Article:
- The following is an Australian initiative, which nonetheless could have great applicability to South Africa
- It involves taking a road show to high school students across a territory and giving kids the chance to Try a Trade directly
- “It is often the catalyst to change their lives. It’s about opening their minds to a trade career they might not have even considered before.”
The following is an Australian initiative, which nonetheless could have great applicability to South Africa:
One Australian apprentice training company is dealing with the skills shortage by taking a road show to high school students across New South Wales and giving them the chance to Try a Trade directly.
The unique initiative involves a large self-contained truck rolling up to local high schools across the region and setting up to 12 separate interactive booths, each one dedicated to a particular trade area. Students come out of class in groups of 25 and spend time at each of the displays that are staffed by local tradespeople, apprentices and TAFE (technical and further education) teachers who all volunteer their time to be involved.
Geoff Burton is the Try a Trade Project Manager and the driving force behind the initiative — the man behind the wheel of the truck, setting the stands up in the school gymnasium, and watching students get engaged first hand.
“We have reached 10,000 kids over the past two years and they just absolutely love it,” he says. “It is often the catalyst to change their lives. It’s about opening their minds to a trade career they might not have even considered before.”
“It is a hands-on event and allows the students to have a direct interaction with experienced tradespeople,” explains Regional Industry Career Adviser for Central West Group Apprentices, Mr John Chivers, who also helps coordinate the events. “To talk to these tradespeople about what they do directly.”
Mr Burton agrees: “I say to the volunteers to keep it simple. Talk to them about how they got into your career, why they like it, and how much they earn. If you start getting technical, kids will just tune out. And the key part is the students create projects that they can take away with them.”
“They respond because they are not being talked at by a bureaucrat or careers advisor in a large-group situation, but instead having close contact with someone who actually works as a bricklayer or gyprocker.”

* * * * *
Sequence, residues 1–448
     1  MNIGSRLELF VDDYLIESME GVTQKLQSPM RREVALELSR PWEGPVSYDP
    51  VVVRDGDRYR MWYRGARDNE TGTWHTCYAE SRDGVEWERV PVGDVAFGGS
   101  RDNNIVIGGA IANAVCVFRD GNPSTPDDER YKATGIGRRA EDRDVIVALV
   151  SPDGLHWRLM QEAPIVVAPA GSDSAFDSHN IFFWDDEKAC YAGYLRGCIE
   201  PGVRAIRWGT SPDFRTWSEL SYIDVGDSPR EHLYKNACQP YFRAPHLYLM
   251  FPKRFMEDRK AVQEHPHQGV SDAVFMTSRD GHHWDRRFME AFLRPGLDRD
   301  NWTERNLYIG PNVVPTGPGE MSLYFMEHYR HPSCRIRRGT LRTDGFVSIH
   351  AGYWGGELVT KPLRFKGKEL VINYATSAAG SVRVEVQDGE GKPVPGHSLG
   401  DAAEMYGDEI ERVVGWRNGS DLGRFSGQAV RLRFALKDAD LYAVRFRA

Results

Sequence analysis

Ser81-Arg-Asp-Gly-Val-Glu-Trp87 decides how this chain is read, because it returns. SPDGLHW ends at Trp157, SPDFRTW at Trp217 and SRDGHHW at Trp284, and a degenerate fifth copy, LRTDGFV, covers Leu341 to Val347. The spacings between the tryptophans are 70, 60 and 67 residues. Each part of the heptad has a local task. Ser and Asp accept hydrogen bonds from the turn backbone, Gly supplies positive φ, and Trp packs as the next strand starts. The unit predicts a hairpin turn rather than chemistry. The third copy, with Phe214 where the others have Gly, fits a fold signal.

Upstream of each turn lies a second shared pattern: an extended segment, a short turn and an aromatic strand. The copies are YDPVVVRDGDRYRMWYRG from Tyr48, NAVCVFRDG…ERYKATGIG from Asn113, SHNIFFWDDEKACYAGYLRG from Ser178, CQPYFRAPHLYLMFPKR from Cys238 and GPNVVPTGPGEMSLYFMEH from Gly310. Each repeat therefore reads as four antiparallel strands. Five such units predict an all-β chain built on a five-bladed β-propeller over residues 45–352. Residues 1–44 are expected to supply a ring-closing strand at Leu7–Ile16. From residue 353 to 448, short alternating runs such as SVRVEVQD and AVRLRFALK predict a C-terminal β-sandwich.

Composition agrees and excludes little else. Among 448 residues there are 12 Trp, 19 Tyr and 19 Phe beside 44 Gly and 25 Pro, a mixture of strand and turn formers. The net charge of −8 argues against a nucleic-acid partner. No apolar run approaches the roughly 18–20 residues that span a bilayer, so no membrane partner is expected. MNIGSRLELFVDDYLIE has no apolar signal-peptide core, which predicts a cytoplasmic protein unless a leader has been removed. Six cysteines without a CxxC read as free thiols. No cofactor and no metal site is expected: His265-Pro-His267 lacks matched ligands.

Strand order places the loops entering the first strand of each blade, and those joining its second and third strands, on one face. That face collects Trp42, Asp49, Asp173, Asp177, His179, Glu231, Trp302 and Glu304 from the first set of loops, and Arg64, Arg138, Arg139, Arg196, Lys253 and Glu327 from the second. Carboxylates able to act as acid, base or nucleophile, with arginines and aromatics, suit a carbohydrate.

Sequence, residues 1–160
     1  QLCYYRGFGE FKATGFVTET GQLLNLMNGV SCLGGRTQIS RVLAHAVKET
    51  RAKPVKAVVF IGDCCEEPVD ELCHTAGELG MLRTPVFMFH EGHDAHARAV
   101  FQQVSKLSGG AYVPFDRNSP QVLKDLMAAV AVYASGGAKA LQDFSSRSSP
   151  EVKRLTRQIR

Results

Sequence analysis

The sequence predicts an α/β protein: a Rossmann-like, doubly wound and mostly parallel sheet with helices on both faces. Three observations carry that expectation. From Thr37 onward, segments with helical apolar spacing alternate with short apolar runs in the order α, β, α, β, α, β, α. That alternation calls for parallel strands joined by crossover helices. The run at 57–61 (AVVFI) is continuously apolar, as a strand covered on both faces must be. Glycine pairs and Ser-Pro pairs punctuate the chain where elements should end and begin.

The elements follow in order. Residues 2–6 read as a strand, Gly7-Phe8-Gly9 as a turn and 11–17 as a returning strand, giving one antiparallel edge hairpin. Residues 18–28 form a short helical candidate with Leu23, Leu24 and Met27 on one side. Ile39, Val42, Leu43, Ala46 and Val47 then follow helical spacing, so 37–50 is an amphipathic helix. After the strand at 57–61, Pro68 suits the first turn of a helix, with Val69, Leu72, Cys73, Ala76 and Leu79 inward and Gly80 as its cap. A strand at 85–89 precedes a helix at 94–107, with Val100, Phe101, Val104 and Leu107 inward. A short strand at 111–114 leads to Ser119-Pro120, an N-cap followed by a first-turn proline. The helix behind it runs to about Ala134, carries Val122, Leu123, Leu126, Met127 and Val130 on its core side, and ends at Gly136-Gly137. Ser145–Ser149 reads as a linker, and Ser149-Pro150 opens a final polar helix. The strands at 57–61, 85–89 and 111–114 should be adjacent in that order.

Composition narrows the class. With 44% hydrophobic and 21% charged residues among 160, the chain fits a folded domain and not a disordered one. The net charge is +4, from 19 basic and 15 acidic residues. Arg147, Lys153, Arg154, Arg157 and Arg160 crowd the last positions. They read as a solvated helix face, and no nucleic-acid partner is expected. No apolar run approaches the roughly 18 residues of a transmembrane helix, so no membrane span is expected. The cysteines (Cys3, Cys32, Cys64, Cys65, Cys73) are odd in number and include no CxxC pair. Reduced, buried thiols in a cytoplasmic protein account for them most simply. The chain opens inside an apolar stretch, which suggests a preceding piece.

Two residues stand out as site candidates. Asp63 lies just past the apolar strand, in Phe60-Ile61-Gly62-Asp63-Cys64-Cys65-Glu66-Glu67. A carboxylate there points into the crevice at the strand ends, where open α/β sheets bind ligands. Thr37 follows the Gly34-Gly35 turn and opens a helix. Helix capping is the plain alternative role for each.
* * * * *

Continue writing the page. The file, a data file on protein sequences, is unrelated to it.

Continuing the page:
The projects might include anything from changing disk brake pads (Automotive), making a candleholder or using a scroll saw (Carpentry), to potting and budding plants (Horticulture).
Try a Trade is now in its second full year of operation, with about 50 Western region high schools hosting the road shows this year.
“It is empowering for these kids,” said Mr Chivers. “The feedback has been overwhelmingly positive from students, parents and teachers alike.”
Mr Burton says that he has school principals and teachers coming up to him and patting him on the back with every school he visits.
“I’ve had teachers warn me about particular students with serious behavioural problems they have trouble with on the daily basis, who can’t focus and refuse to commit to anything. And they simply can’t believe the change once we take them through.”
The key target are students in Years 10 and 11, with the objective of getting them to enrol in a VET program and advise them regarding HSC subject selection.
“We need to engage young people with local industry, especially in rural areas,” said Mr Burton. It’s about addressing the skills shortage, drumming up local connections and giving students a taste of opportunities available in the trade world.”
Try a Trade recently won the NSW Group training Innovation/Best Practice Award and with assistance from the NSW Department of Education the event has also reached a number of additional locations outside the central west region.
“We are raising awareness and there is real push for us to expand and take it national.”
Written by Eamonn Ryan